Game publishers have been wracking their collective think tanks trying to dream up ways to prevent piracy of their games. One of the more popular new ways of doing that is DRM software that ships with the actual games, requiring players to be online while playing the game. DRM is annoying for gamers that legitimately purchase the game because if their connection drops unexpectedly they’ll lose all progress. Also, they can’t play unless their online and that usually requires signing up for a special account, usernames, passwords, larger digital footprint, etc. Ubisoft has been shipping all of their PC games with DRM since last year, frustrating their legitimate customers while hackers easily cracked the copyright code. They even left a message, “Next time focus on the game and not on the DRM.”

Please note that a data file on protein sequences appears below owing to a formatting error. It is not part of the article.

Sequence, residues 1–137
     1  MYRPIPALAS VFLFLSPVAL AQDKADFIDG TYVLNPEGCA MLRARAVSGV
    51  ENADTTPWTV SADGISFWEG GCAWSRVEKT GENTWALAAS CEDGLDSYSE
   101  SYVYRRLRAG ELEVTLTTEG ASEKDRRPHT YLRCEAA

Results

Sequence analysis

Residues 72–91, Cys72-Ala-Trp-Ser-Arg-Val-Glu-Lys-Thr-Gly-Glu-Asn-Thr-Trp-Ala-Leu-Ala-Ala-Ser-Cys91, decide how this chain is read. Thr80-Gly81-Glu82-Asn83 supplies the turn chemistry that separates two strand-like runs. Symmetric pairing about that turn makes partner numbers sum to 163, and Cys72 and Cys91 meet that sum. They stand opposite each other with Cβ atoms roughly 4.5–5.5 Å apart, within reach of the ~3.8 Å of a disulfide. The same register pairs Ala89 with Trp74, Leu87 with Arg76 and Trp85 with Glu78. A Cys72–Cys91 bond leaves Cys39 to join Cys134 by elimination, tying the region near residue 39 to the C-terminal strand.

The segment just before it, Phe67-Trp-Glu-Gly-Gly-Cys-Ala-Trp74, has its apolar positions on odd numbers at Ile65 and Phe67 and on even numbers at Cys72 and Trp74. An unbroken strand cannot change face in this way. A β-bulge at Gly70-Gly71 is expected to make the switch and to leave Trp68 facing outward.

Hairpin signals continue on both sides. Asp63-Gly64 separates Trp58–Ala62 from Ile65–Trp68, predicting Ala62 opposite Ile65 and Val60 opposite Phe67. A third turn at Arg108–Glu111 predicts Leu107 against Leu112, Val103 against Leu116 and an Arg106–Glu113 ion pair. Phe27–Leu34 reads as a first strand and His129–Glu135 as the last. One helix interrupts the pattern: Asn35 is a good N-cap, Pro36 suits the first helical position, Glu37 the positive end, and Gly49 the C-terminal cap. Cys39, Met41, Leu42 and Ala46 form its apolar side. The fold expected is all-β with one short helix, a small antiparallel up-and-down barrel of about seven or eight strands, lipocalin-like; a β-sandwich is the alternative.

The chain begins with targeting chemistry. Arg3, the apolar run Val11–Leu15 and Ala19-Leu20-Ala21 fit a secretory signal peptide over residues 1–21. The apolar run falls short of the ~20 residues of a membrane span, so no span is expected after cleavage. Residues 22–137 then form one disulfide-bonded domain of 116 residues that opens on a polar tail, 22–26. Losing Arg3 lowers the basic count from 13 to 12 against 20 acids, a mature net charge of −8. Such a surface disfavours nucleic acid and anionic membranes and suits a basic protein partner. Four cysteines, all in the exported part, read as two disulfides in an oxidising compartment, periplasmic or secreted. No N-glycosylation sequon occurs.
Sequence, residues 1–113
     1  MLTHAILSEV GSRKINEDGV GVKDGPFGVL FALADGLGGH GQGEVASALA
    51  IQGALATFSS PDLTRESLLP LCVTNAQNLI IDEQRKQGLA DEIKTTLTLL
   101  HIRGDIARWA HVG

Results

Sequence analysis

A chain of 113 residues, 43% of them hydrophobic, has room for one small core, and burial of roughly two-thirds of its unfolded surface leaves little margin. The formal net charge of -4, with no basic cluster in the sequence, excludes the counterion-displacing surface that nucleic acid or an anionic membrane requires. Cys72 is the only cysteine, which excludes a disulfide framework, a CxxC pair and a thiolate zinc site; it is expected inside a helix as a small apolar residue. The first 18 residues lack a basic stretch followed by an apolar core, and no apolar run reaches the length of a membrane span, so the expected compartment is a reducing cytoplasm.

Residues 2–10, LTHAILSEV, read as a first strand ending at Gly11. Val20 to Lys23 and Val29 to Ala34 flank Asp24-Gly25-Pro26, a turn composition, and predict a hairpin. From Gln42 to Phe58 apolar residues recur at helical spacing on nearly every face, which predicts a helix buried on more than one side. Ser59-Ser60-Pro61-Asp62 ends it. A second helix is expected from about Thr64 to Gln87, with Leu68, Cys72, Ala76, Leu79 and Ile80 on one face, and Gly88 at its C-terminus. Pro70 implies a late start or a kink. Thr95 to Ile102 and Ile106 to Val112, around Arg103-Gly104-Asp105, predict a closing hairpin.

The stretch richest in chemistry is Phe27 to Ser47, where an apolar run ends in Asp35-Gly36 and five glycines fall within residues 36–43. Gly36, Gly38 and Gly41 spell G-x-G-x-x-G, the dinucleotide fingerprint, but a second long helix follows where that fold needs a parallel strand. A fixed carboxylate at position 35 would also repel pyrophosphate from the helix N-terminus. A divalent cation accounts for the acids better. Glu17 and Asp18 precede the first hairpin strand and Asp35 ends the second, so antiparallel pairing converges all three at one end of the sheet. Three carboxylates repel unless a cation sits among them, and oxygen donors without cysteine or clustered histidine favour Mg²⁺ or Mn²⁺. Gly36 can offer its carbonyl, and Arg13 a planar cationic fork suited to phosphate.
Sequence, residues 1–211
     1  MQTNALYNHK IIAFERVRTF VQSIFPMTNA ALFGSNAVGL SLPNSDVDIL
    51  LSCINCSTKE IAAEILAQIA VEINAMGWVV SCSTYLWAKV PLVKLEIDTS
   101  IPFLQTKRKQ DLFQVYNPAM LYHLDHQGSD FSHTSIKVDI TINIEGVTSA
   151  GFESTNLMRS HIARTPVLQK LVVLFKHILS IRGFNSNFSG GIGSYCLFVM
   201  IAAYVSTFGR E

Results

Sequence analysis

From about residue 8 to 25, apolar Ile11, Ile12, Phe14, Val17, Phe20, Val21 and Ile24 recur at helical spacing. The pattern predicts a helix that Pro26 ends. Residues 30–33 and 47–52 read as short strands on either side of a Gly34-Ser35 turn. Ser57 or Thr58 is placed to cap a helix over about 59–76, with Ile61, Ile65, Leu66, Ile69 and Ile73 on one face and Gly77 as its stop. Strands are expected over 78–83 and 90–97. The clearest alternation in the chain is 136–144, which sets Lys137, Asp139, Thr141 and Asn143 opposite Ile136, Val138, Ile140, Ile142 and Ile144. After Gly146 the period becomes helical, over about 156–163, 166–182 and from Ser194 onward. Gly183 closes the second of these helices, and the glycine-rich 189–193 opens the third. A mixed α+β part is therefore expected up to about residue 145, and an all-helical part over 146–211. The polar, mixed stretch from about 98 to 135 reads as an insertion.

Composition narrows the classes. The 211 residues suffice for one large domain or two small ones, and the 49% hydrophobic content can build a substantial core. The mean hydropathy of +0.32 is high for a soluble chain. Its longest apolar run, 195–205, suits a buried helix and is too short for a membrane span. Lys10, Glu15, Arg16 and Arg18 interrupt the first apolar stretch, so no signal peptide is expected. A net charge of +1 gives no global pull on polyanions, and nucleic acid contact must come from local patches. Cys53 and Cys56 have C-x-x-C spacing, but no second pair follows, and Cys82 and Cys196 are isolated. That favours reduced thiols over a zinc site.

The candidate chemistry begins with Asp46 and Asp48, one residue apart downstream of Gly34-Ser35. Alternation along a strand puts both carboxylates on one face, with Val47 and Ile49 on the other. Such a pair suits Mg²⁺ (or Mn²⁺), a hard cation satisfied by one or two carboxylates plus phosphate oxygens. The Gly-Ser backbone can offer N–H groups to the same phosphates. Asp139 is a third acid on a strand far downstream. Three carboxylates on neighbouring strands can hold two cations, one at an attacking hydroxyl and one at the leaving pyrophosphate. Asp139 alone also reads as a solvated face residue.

Wired.com reported on comments made by Gabe Newell, CEO of game publisher Valve, to a tech conference last week, who said, “The easiest way to stop piracy is not by putting antipiracy technology to work. It’s by giving those people a service that’s better than what they’re receiving from the pirates.” In other words, focus on the game service, and not the DRM. Newell says that gamers pirate out of convenience, not finance. If publishers make their games more inconvenient, like Ubisoft has with its PC DRM, they’re more likely to be pirated. Case in point, 90% of people playing Ubisoft’s games are playing cracked pirated copies.